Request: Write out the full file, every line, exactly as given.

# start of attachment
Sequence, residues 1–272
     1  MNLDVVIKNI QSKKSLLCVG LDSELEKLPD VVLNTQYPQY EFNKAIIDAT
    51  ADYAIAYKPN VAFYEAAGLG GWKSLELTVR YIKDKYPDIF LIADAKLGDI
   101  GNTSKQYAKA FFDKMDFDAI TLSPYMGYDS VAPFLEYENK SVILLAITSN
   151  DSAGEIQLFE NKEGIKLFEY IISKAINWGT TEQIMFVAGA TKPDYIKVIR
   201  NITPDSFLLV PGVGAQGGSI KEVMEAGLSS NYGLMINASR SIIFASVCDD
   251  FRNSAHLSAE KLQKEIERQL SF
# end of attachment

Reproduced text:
Sequence, residues 1–272
     1  MNLDVVIKNI QSKKSLLCVG LDSELEKLPD VVLNTQYPQY EFNKAIIDAT
    51  ADYAIAYKPN VAFYEAAGLG GWKSLELTVR YIKDKYPDIF LIADAKLGDI
   101  GNTSKQYAKA FFDKMDFDAI TLSPYMGYDS VAPFLEYENK SVILLAITSN
   151  DSAGEIQLFE NKEGIKLFEY IISKAINWGT TEQIMFVAGA TKPDYIKVIR
   201  NITPDSFLLV PGVGAQGGSI KEVMEAGLSS NYGLMINASR SIIFASVCDD
   251  FRNSAHLSAE KLQKEIERQL SF